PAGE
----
Iran withheld from the International Atomic Energy Agency detailed plans of its Fordow nuclear reactor near Qom, according to a cable which recorded a conversation on November 10 at IAEA headquarters in Vienna with two staffers from the US House Committee on Foreign Affairs. The existence of the site was made public by the leaders of the U.S., UK and France during the G20 summit in Pittsburgh, in September 2009.


WikiLeaks has revealed that since 2007 America has made unsuccessful secret attempts to remove highly enriched uranium from a Pakistani research facility. In May 2009 Pakistan refused to schedule a visit to the nuclear facilities by American experts claiming that it would look as though America was trying to steal the country’s nuclear weapons. The reports suggest that there are grave concerns in London and Washington over the future of the country whose fragile democratically-elected government is fighting radical Islamic extremists. Pakistan first obtained a nuclear weapon in 1987 and is believed to hold 24-48 HEU-based nuclear warheads and possess the nuclear material to build further weapons should the need arise.

Tactical nuclear weapons

During a conversation in November 2009 in Berlin, a senior US State department official asked the German chancellor’s national security adviser how the government planned to take forward the coalition agreement to seek the removal of U.S. nuclear weapons from Germany.   A total estimated 200 B-61 gravity bombs are deployed in five European countries – Germany, Belgium, the Netherlands, Italy and Turkey.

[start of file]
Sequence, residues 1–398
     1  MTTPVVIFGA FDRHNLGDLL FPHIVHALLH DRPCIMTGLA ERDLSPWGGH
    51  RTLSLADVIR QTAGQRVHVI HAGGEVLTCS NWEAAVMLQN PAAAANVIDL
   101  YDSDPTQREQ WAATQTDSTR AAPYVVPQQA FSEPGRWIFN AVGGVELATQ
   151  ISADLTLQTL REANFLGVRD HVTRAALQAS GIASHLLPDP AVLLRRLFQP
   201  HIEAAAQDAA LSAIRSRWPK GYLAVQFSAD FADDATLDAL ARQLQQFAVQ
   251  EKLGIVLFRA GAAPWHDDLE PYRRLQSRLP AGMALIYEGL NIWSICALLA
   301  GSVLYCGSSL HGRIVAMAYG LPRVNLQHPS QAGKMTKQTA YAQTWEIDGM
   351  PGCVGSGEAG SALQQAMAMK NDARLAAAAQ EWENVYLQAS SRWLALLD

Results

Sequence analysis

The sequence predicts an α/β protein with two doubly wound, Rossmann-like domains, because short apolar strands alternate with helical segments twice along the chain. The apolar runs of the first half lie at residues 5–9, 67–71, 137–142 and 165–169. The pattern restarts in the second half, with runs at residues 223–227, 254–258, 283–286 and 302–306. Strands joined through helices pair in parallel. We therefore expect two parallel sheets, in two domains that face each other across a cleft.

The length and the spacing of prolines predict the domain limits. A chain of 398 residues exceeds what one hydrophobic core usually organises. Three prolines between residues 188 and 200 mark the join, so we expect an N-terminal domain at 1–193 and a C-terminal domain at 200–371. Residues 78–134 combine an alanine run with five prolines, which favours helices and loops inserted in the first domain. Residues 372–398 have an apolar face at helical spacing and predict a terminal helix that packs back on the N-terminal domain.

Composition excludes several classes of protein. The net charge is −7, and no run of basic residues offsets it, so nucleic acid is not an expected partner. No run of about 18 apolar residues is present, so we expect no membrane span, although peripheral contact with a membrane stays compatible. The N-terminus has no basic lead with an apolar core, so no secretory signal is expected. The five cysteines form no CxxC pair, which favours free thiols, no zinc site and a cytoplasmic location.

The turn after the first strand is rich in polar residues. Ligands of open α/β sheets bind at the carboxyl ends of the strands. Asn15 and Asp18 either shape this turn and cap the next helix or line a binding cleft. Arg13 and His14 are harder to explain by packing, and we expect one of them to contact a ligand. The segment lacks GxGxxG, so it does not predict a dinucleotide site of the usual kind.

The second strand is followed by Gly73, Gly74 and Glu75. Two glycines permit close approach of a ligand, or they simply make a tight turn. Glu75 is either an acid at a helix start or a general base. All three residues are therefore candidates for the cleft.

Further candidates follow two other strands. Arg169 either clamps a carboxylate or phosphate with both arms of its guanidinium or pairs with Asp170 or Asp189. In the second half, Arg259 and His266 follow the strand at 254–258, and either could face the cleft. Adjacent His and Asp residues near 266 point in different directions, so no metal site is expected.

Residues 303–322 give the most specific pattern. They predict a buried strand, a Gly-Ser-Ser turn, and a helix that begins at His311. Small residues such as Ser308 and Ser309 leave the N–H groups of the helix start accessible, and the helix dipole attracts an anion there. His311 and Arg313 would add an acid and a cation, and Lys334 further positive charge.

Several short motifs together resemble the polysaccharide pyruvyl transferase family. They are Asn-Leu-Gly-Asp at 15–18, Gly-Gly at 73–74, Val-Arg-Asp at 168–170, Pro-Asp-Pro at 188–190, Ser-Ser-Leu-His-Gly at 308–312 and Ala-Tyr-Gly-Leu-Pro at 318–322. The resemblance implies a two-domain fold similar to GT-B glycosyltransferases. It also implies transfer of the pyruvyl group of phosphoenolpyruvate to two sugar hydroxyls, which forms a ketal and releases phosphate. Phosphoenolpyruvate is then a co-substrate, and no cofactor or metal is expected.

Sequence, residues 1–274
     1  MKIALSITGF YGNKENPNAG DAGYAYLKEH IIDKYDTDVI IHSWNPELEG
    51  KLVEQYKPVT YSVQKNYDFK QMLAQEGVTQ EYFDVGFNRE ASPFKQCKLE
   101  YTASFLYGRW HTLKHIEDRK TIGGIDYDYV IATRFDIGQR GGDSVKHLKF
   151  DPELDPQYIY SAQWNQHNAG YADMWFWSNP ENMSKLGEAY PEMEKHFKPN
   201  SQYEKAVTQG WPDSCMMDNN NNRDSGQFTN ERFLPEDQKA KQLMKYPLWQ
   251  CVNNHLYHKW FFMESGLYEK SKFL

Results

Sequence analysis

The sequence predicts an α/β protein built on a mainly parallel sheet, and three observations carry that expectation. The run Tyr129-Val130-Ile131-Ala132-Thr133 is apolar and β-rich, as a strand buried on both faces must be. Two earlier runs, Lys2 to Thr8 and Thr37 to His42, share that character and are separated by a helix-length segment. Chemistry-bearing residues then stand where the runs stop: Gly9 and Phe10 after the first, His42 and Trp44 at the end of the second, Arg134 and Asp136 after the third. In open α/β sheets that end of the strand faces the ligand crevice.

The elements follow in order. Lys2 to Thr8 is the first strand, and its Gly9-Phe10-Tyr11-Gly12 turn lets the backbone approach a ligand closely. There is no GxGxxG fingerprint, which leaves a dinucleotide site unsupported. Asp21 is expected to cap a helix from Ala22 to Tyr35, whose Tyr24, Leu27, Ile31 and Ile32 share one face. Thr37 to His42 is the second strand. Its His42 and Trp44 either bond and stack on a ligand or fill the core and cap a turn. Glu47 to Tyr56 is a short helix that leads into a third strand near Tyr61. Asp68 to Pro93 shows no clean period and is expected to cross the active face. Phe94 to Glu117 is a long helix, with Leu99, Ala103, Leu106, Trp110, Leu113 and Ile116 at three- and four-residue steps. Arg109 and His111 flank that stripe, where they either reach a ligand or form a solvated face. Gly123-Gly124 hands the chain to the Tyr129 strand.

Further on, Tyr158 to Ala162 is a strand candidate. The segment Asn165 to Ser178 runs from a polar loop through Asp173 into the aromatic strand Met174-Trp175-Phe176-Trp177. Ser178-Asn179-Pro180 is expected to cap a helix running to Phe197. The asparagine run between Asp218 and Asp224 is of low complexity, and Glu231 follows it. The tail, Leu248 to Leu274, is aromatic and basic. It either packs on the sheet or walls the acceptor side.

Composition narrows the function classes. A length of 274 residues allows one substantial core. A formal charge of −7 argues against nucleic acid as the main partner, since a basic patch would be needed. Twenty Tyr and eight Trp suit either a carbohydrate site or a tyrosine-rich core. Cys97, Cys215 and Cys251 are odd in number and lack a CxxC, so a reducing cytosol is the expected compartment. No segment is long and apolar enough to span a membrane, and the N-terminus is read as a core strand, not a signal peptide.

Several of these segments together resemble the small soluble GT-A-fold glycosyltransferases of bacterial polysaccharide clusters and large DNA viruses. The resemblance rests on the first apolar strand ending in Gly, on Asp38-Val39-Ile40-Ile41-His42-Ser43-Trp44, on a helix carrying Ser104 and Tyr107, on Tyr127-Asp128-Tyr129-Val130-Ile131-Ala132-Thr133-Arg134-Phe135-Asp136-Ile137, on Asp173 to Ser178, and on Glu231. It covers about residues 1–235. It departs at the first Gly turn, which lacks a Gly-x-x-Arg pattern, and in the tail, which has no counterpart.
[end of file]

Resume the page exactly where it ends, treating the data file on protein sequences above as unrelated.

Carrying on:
According to the U.S. ambassador’s cable, the U.S. official was told that the decision had been “forced upon them” by the German Foreign Minister, Guido Westerwelle. The German official made the point that it made no sense to unilaterally withdraw “the 20” tactical nuclear weapons in Germany while Russia maintains “thousands” of them. The U.S. official said that the consequences of such action needed to be thought through before proceeding, for example: “a withdrawal of nuclear weapons from Germany and perhaps from Belgium and the Netherlands could make it very difficult politically for Turkey to maintain its own stockpile, even though it was still convinced of the need to do so.” A second cable from the U.S. embassy in Brussels, dated November 2009, mentions that Belgium rejected a proposal to join with the Netherlands, Italy and Germany to advocate the removal of the tactical weapons from their soil. It was the first time Italy has been mentioned as a member of the so-called “German camp”.


Further reading:

Cablegate adds to pressure on Iran, by Anne Penketh, BASIC Program Director, November 29, 2010


U.S. should not be in a standoff with Pakistan over HEU, by Jeffrey Lewis, November 2010



NATO condemns WikiLeaks for information about U.S. tactical nukes in Europe, Slobodan Lekic, The Associated Press, November 30, 2010


Experts question North Korea-Iran missile link from WikiLeaks document release, John Pomfret and Walter Pincus, The Washington Post, December 1, 2010
Total number of US tactical nuclear weapons is 180: Wikileaks

Hans Kristensen, FAS Strategic Security Blog, http://www.fas.org/blog/ssp/2010/12/tacnukes.php